Skip to main content
U.S. flag

An official website of the United States government

Official websites use .gov
A .gov website belongs to an official government organization in the United States.

Secure .gov websites use HTTPS
A lock ( ) or https:// means you’ve safely connected to the .gov website. Share sensitive information only on official, secure websites.

Formation of Macropores in Calcium Phosphate Cement Implants



Shozo Takagi, Laurence C. Chow


A calcium phosphate cement (CPC) was shown to harden at ambient temperatures and form hydroxyapatite as the only end-product. Animal study results showed showed that CPC resorbed slowly and was replaced by new bone. For some clinical applications, it would be desirable to have macropores built into the CPC implant to obtain a more rapid resorption and concomitant osseointegration of the implant. The present study investigated the feasibility of a new method for producing macropores in CPC. Sucrose granules, NaHCO3, and Na2HPO4 were sieved to obtain particle sizes in the range of 125 m to 250 m. The following mixtures of CPC powder (an equimolar mixture of tetracalcium phosphate, Ca4(PO4)2O, and dicalcium phosphate anhydrous, CaHPO4) and one of the above additive granules were prepared: control-no additive; mixture A-0.25 mass fraction of sucrose; mixture B - 0.25 mass fraction of NaHCO3; mixture C - 0.25 mass fraction of Na2HPO4; and mixture D - 0.33 mass fraction of Na2HPO4. Cement samples were prepared by mixing 0.3 g of the above mixtures with 0.075 mL of the cement liquid (1 mol/L Na2HPO4). After hardening, the specimens were placed in water for 20 h at about 60 C to completely dissolve the additive crystals. Well-formed macropores in the shapes of the entrapped crystals were observed by scanning electron microscope (SEM). The macroporosities (mean standard deviation; n = 6) expressed as volume fraction in % were 0, 18.9 1.7, 26.9 1,6m 38,3 4.4 and 50.3 2.7 for the expressed as volume fraction in % were 0, 18.9 1.7, 26.9 1.6, 38.3 4.4 and 50.3 2.7 for the control, A, B, C and D, respectively. The diametral tensile stremgths (mean standard deviation; n=3) expressed in Mpa were 10.1 0.7, 3.7 0.3, 2.4 0.2, 1.5 0.5 and 0.4 0.1, respectively, for the five groups. The results showed that macropores can readily be formed in CPC implants with the use of water-soluble crystals. The mechanical strength of CPC decreased with increasing macroporosity.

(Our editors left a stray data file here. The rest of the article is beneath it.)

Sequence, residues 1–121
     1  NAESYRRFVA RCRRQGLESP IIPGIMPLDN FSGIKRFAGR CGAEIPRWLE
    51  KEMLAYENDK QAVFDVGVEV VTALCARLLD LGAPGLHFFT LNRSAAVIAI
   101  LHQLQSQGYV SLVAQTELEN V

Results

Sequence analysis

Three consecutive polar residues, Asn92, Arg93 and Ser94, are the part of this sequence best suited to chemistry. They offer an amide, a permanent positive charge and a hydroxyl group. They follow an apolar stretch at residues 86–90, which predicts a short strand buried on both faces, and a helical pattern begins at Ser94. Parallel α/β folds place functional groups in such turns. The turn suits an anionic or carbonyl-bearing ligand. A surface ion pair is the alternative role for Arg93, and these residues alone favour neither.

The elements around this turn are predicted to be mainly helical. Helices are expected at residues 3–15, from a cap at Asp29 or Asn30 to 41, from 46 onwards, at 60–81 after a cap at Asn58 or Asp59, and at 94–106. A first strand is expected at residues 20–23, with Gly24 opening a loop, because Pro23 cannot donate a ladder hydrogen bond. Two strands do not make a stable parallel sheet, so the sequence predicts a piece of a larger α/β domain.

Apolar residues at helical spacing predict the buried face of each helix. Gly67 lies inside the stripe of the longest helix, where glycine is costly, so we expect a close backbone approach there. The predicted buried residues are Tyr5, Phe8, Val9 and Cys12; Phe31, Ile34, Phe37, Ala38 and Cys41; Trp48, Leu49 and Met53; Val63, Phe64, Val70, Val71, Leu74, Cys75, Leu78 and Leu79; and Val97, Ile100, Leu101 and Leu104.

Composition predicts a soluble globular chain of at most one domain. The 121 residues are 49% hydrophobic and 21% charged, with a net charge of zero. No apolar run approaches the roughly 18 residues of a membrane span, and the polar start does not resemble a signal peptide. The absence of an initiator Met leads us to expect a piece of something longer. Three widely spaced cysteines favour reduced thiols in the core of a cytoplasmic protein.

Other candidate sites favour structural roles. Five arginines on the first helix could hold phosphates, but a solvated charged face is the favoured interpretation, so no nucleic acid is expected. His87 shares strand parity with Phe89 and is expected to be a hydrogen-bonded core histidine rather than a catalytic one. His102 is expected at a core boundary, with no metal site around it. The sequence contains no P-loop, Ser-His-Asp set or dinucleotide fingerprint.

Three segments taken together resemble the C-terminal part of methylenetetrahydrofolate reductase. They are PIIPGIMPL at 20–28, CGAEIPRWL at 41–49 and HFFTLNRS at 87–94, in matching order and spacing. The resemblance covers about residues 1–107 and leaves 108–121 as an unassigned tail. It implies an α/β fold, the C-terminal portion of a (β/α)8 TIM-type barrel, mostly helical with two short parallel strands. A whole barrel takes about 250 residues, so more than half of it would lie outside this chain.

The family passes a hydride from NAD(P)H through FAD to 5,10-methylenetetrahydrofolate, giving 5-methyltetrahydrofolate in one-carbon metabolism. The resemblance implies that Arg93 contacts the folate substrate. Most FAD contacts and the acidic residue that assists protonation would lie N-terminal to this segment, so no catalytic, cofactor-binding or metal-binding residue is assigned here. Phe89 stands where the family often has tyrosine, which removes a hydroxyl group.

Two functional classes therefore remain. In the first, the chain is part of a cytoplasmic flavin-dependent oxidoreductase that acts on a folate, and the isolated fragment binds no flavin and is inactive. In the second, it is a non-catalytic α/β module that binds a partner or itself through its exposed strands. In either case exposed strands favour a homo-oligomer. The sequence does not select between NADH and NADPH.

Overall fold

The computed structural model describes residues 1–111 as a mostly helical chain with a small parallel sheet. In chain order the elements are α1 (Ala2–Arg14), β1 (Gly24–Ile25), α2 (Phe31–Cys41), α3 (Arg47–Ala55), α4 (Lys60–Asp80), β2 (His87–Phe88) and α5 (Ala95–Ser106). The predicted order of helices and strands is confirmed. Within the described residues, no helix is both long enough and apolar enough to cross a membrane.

Journal of Materials Science-Materials in Medicine
No. 12


anhydrous, biomaterials, calcium phosphate cement, dicalcium phosphate anhydrous, hydroxyapatite, macropores, self-hardening cement, tetracalcium phosphate cement


Takagi, S. and Chow, L. (2001), Formation of Macropores in Calcium Phosphate Cement Implants, Journal of Materials Science-Materials in Medicine (Accessed July 25, 2024)


If you have any questions about this publication or are having problems accessing it, please contact

Created February 1, 2001, Updated February 17, 2017